While people might think that it’s easy to get out of a relationship when you first experience these signs, the behavior was sporadically introduced over time and wasn’t apparent 24/7 at the early stages of the relationship. No, instead, the patterns of threats and aggressive behavior took place gradually, insidiously becoming the norm over a long period of time. And by the time Rebecca was pregnant and, therefore, fully committed, she agreed to get married. At the time, she felt like it was the right thing to do for her, and she thought that she needed to see it through.
Extremely fearful for her children, Rebecca made a pact with her husband. She wrote on a piece of paper that if he were to become aggressive and violent again, drink too much, threaten her, punch walls, or hit her again, she would leave (yep, that definitely took some courage!). He signed the piece of paper, although never taking it seriously. Of course, what was going to happen, happened, and he broke the contract. On the day of 9/11, Rebecca kicked him out and obtained a restraining order. He stalked her for weeks, and one night, he even broke into her home holding a gun. He found her in her bedroom and threatened her. Rebecca’s survival instinct kicked in, and she managed to find the words to talk him down. He left. She called the police but didn’t press charges. Part of the reason why she didn’t press charges was that he told her he was suicidal and was, as always, brilliantly playing his role as a victim. But most importantly, by not pressing charges, Rebecca was trying to block the trauma.
Years later, as she reflects on this period of her life, she has found the strength to forgive him by understanding his own trauma. She has found a way to accept what happened and let go, cutting free from the chains that were preventing her from moving on.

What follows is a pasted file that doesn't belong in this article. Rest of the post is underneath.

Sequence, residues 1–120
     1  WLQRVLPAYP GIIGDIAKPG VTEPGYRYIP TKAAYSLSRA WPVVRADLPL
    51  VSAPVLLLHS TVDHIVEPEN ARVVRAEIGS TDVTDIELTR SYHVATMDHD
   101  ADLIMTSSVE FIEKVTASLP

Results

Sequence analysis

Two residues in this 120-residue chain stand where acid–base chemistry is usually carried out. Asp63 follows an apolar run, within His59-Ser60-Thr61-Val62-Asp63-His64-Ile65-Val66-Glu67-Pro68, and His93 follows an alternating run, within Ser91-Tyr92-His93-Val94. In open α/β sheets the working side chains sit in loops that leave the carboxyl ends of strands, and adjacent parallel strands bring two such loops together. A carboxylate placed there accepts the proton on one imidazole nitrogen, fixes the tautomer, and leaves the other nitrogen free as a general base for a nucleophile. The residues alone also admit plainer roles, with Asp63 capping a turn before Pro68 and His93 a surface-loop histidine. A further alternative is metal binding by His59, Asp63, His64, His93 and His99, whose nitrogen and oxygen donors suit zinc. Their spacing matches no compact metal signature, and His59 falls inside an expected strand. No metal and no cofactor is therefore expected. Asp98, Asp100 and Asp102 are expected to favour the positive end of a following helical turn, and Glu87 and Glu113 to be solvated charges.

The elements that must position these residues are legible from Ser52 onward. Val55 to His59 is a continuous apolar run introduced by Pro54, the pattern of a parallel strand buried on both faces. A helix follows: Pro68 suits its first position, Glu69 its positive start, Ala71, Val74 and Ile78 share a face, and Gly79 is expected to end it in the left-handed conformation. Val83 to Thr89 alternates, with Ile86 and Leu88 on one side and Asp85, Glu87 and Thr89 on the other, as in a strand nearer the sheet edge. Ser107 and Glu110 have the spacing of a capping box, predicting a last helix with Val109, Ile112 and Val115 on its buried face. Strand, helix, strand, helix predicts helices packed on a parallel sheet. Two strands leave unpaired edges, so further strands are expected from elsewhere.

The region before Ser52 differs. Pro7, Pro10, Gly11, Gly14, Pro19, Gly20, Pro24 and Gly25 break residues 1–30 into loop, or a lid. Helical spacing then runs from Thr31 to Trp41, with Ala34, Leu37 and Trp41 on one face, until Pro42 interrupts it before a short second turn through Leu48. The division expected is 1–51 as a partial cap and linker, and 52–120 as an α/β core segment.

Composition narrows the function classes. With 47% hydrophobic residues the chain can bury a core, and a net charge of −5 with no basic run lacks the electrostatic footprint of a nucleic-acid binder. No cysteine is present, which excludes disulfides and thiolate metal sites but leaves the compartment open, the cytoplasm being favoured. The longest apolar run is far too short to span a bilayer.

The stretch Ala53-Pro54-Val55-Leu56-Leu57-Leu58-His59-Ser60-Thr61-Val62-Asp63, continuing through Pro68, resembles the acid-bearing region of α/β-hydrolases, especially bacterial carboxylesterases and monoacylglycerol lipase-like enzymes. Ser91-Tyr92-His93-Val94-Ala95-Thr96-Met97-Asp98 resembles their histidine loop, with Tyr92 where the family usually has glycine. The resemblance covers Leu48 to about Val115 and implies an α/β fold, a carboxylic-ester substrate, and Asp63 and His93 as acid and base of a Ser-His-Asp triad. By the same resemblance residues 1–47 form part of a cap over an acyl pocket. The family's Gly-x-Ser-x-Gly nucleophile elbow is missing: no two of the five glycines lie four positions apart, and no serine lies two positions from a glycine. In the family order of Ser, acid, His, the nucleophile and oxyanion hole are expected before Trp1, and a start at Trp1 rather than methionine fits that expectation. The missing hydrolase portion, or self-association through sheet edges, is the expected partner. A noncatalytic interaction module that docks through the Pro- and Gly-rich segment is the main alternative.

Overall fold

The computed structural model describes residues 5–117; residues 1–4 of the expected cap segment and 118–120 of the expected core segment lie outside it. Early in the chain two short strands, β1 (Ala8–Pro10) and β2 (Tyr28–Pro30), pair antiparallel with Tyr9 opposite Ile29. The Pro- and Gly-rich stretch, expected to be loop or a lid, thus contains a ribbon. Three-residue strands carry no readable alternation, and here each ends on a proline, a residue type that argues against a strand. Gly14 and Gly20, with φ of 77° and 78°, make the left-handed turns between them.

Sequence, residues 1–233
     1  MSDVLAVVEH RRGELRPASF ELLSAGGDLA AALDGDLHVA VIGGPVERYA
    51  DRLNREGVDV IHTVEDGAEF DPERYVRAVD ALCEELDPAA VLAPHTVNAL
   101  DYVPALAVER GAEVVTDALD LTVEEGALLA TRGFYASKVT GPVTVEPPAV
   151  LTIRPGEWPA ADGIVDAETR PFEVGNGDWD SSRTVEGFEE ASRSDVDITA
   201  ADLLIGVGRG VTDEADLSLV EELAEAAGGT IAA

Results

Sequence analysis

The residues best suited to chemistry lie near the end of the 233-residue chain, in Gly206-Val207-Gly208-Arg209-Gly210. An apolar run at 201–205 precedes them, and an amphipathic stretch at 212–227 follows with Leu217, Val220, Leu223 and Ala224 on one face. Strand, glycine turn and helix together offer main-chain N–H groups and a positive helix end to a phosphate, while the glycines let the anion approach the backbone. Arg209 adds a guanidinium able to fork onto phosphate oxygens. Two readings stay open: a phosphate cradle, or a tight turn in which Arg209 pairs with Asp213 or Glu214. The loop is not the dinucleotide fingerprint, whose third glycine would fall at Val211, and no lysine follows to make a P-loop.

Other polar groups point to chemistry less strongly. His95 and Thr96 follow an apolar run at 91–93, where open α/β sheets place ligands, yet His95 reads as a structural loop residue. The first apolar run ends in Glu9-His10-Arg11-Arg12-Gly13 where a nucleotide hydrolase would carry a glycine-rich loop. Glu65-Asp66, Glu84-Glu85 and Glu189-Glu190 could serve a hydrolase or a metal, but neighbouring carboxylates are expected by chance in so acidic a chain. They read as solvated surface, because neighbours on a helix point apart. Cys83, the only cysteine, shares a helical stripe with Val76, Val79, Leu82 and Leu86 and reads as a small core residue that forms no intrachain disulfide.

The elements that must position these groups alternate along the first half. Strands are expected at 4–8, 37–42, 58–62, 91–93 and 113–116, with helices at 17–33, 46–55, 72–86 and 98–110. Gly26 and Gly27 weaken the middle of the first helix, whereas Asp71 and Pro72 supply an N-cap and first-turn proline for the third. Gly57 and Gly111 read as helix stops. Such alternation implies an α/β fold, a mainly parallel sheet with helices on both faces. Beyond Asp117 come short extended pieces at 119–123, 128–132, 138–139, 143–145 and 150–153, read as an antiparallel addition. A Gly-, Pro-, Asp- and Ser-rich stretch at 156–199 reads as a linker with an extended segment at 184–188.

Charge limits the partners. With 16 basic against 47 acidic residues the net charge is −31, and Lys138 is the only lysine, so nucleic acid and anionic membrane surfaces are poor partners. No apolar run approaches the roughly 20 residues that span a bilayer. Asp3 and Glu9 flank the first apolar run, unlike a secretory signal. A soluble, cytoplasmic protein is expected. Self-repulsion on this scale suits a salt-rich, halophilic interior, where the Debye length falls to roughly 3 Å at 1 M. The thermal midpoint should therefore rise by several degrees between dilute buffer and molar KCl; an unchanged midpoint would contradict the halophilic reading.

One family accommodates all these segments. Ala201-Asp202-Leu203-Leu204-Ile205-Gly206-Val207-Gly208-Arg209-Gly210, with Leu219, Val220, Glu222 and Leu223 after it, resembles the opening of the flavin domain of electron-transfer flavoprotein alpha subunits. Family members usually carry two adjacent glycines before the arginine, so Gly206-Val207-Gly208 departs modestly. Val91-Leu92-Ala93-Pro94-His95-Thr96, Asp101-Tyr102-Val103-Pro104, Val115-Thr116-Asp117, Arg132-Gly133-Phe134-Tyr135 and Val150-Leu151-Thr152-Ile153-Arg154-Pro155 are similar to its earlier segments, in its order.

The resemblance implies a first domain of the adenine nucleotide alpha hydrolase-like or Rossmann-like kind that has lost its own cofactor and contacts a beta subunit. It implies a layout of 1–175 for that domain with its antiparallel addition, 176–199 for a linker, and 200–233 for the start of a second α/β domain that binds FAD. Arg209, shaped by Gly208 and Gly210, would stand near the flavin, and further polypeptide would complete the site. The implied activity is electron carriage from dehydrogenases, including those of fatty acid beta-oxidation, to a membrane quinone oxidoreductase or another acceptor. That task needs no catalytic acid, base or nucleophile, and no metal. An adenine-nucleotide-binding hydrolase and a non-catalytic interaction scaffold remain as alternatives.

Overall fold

And the fantastic news is that she has since remarried and is in a much better place.
The survivor has noticed that women, including herself, who enter these abusive relationships are often drawn in by a charismatic person who makes them feel special and important. Sadly, as a victim of abuse, it isn’t until well into the relationship that you start to realize that something is wrong with the relationship as you feel it isn’t a healthy one. You can even become fearful of living while still making excuses for the aggressive behavior. Yet, it’s important to understand that a terrible childhood, past traumatic events, or a difficult living situation can never be an excuse for abuse.
Instead of living in regret, Rebecca recommends processing what has happened to you and learning how to live with it. Victims of abuse might be seen as weak, but they’re actually extremely strong, often facing these dreadful situations alone. Indeed, there can be a certain level of shame that comes from being in an abusive relationship, which can reinforce the isolation. You might feel ashamed of sharing your current situation with anyone and, as a result, stay locked in this relationship.
But whoever you are and wherever you are, know this; you’re strong, and you can remove yourself from this situation. Your future can be different. The best thing to do for you and your family is to have an exit plan, seek help and free yourself from this unbearable situation.
And once you’ve removed yourself from the abusive relationship, although it might take years before you realize and acknowledge the danger you were in at the time and process what happened to you, you will be able to recover. Indeed, by acknowledging what happened, you’ll be able to find the path to healing and forgiveness and move on to a brighter future, just like our great survivor Rebecca did!
Let’s be honest, some of your past traumas or negative experiences might impact your future relationships forever. After all, you’ve been through a lot. In Rebecca’s example, she admits that she can be very cautious and wary when relationships become serious because it involves a strong level of trust.
We have to be realistic and tell you that it will probably take a lot of work for you to recover. But one of the things that might help you tremendously include counseling sessions. Indeed, these can be extremely useful and shouldn’t carry any stigma. Rebecca found talking about what happened to her transformational. Years later, she is no longer ashamed and happily shares her story as she seeks to empower women or men who feel trapped in an abusive relationship to find the courage to speak up. She wants to encourage anyone who is a victim of abuse to leave and reshape their life the way they’ve always wanted to and reach their potential. If she has done it, so can you!